Roger Federer: I feel like I’m playing in Basel for my home people

Roger Federer is safely through to the second round of the Swiss Indoors in his hometown of Basel

Marianne Bevis
By Marianne Bevis in Basel
roger federer
Roger Federer in action in his hometown of Basel Photo: Marianne Bevis

There were moments—several of them—when it looked as though Roger Federer may not play his hometown tournament in Basel.

He had a lot of matches in his legs already, and more wins than anyone else. The last of them came from the long-haul hop to Shanghai and a run to the title, but within days of his return, he tweeted a photo of himself wearing clay-caked shoes. He was getting in some unseasonable practice on the red stuff in anticipation of the Davis Cup final in Lille at the end of the season.

It is not what most tennis players would do: End the long hard-court season that sweeps from north America to Asia with a diversion on clay before the tour heads indoors for the exhausting race to the ATP World Tour Finals.

He certainly kept a low profile in the run-up to the Swiss Indoors, postponed his pre-tournament press twice, and did rather less of that—not until Tuesday—than has become the norm.

And he had, he admitted, considered not coming: “I’m happy I didn’t feel too tired or injured after Shanghai or otherwise may not have played here—was always going to be an option to some degree just for safely. We did discuss in the team internally what was going to be the best and what was feasible with the energy, what’s the passion, what do you want to do. But I’m happy we decided to play here.”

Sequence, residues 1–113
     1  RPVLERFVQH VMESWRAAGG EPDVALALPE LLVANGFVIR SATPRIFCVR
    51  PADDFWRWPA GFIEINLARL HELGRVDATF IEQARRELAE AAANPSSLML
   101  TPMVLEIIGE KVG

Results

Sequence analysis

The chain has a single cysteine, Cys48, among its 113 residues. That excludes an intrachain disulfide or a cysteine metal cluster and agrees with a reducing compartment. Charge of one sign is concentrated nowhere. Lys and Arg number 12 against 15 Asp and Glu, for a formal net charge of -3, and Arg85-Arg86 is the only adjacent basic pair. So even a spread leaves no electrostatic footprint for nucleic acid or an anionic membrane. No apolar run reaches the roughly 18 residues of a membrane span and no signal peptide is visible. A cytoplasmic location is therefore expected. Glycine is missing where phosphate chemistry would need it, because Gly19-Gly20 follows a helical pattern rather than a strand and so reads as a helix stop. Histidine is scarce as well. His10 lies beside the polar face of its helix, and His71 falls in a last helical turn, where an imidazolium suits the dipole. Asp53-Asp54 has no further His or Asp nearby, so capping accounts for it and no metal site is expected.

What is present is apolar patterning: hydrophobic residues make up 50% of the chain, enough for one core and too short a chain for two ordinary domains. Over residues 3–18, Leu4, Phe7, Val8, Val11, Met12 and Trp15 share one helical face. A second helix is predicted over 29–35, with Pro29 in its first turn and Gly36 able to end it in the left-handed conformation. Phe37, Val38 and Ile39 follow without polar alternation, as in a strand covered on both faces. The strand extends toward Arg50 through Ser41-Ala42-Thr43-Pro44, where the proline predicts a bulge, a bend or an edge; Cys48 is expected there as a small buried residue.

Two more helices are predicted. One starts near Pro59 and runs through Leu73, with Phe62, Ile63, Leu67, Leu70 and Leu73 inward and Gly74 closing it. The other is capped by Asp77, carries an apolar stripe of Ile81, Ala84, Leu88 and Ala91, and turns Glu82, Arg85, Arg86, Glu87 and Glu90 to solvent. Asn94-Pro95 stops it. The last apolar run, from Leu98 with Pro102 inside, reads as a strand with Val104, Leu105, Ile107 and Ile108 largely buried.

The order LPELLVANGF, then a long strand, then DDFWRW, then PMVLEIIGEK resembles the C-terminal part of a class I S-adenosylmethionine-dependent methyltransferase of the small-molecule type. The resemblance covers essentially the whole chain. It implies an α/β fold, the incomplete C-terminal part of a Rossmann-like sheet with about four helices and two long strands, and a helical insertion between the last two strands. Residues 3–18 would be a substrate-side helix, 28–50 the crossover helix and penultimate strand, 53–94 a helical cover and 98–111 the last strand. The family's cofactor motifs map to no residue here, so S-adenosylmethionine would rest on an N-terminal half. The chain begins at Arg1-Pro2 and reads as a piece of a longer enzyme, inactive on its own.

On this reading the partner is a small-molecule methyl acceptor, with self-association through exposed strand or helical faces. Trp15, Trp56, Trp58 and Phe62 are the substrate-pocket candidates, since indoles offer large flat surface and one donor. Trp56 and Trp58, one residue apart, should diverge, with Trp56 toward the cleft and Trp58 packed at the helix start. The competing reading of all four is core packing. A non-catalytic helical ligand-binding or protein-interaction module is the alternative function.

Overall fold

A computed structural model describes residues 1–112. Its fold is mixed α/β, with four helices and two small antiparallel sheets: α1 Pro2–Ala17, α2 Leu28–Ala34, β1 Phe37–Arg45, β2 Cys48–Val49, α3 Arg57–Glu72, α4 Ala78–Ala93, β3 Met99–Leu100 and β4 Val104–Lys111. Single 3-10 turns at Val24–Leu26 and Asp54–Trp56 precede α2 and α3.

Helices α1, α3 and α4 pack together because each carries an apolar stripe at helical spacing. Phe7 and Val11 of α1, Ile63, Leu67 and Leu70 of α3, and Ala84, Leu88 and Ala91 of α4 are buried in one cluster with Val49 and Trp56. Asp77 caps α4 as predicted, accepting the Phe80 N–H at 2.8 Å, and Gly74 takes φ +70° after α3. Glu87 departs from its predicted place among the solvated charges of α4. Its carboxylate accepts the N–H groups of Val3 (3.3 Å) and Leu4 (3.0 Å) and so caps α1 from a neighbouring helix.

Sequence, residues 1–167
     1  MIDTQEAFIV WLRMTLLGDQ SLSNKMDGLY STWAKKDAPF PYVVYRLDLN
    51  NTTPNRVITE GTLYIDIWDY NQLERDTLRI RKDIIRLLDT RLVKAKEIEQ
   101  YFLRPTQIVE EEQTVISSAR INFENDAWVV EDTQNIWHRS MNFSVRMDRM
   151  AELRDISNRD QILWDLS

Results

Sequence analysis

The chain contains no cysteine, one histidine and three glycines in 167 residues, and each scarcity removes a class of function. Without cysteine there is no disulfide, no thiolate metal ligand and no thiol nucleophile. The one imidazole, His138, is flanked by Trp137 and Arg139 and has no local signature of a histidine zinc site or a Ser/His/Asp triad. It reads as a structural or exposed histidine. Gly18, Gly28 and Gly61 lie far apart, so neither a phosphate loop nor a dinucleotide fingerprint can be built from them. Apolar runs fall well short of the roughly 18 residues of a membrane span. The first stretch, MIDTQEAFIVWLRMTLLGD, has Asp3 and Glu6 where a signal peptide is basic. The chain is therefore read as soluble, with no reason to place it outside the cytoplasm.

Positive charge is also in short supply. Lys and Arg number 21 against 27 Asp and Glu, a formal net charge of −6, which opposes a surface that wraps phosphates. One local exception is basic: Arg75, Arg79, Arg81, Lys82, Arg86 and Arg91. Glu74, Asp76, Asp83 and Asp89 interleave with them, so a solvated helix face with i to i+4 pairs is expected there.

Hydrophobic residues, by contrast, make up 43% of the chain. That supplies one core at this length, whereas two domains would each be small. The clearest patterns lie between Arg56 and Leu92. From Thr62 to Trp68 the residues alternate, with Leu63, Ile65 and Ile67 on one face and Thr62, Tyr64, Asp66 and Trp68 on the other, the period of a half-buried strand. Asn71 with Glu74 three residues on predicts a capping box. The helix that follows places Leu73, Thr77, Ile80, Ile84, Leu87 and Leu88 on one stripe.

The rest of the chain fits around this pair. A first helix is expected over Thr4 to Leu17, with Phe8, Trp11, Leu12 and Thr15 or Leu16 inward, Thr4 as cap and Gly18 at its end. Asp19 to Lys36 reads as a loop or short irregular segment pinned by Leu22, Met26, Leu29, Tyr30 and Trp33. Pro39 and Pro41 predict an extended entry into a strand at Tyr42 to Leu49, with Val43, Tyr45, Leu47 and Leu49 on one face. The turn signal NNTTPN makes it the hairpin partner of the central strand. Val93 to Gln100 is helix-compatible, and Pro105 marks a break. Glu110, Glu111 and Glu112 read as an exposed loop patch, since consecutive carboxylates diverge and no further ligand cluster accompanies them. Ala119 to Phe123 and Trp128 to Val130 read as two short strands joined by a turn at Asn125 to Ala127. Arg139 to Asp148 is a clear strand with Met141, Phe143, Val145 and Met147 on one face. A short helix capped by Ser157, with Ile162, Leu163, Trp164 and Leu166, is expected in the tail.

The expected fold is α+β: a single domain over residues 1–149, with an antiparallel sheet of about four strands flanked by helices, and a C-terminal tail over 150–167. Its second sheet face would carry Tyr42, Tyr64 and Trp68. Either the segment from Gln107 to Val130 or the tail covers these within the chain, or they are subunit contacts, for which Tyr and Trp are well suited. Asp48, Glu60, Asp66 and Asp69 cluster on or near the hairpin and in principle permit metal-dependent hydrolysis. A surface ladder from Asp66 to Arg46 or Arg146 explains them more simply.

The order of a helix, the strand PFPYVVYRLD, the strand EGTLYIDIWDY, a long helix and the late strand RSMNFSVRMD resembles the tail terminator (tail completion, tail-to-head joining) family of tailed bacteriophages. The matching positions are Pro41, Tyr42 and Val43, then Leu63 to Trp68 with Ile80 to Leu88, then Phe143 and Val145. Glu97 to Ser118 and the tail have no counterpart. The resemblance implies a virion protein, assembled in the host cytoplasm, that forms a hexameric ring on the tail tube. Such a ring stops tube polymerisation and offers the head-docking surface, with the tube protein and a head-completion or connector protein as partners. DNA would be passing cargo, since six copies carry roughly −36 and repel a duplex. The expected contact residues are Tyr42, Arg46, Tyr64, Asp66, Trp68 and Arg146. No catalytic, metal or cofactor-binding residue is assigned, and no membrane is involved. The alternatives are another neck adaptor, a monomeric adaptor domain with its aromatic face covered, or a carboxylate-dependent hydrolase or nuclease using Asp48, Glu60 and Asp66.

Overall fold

He made light of the switch from hard-to-clay-to-indoor, as well: “The idea was just to go on the clay a bit, feel it again, remember how it was, so when I play matches at the Davis Cup, I have a memory that’s closer than the French Open.

“I’ve been on the hard courts for a while now, so there was always going to be a change regardless from Shanghai to the conditions here in Basel. The switch was easy back from the clay to this here: It plays pretty slow here, so from that standpoint, I was already playing with the balls that you play with here.”